Paul McCartney, I can attest, is alive and quite well. At least, he was Friday night at Nationals Park in Washington, D.C.
The Resident Nurse is still singing.
She woke me one night to tell me Sir Paul would be appearing in Washington. Should she get tickets? she asked. From somewhere the other side of total awareness, I must have at least not discouraged the idea.
She woke me a short time later. She had tickets and a hotel reservation. That was two weeks before the show. I think she has not yet had a full night sleep, and now the show was two nights ago.
It was on her bucket list, she said.
“Now I can die,” she said as the lights came up, certifying that two encores was all we would get.
“I’d rather you didn’t,” I replied, but I don’t think she heard me.
“Paperback Writer” – The crowd goes wild, people old enough they can’t remember more than the beat, making the same moves to they did a half century ago, like the couple in their 50s in front of us, Sandra and Joe, married 20 years, their 10th Paul McCartney concert together (Joe’s 17th), their arms inter-crossed behind each others’ backs as though it was their first.
Some are young enough the beat is all they really get. A grandmother gave up her ticket so Dad could take his 10-year-old son to his first concert.
“Long and winding road.”
I hadn’t paid a lot of attention to the Beatles, though age-wise, I was an eligible teen when they appeared on the Ed Sullivan Show in February 1964. Mom and dad lived by the credo that if it wasn’t Big Band or Classical, it wasn’t music. My rock’n’roll was mostly at night, listening to a Sony transistor radio under my pillow, Cousin Brucie on 77-WABC, New York, talking about the submarine races. I didn’t understand what they were, but I strongly suspected I was missing something important.
I remember, though, when the Beatles began, with a hair style too long for my folks but the envy of many a teen of my cohort. Then they let their hair grow really long. By then I was in the Navy, my hair really short, hard rock was in but I was not into it; rather I had become close friends with a guy who had a wall locker full of LPs, all country, no duplicates.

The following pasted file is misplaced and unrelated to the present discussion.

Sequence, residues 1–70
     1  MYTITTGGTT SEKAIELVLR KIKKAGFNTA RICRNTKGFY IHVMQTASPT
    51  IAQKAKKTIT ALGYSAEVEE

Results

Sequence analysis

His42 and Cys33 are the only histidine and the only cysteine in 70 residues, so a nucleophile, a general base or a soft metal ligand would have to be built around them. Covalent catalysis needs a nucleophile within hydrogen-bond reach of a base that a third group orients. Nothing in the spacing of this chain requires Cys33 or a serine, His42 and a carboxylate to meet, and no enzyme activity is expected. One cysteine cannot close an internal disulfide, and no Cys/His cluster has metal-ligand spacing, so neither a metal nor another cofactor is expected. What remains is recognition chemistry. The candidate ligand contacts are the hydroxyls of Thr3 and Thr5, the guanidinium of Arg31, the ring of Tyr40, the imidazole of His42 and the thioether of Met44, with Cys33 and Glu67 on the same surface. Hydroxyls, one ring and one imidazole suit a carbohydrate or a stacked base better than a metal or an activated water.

He took me to meet his girlfriend in Spartanburg, S.C. They later had three daughters. I think they’re still married. I moved across the country, but never away from country music.
Friday night, I was singing along to songs I didn’t know I knew.
It rained some, and threatened to lightning the show into another week, another venue. But the storm stopped just before the show started. Only an overcast remained for the performance, like an opaque dome out of the latest Steven King mini-series, except you couldn’t see through it, touching the top of the nosebleed seats and arching high over the infield, where we sat.
He sang love songs he’d written to previous wives, and social protest, and numbers from the “Wings” era, ending with “Live and Let Die,” to the accompaniment of a fireworks show I was certain would cover his disappearance from the stage. He finished the number, though, and then left – to return two more times.
Tell me, please, of another music star, 71 years young, three straight hours, two encores.
I have only an idea how much it cost to be part of that show, and come home with a tee-shirt and a “now I can die” smile that’s still on her face. It was worth at least twice that.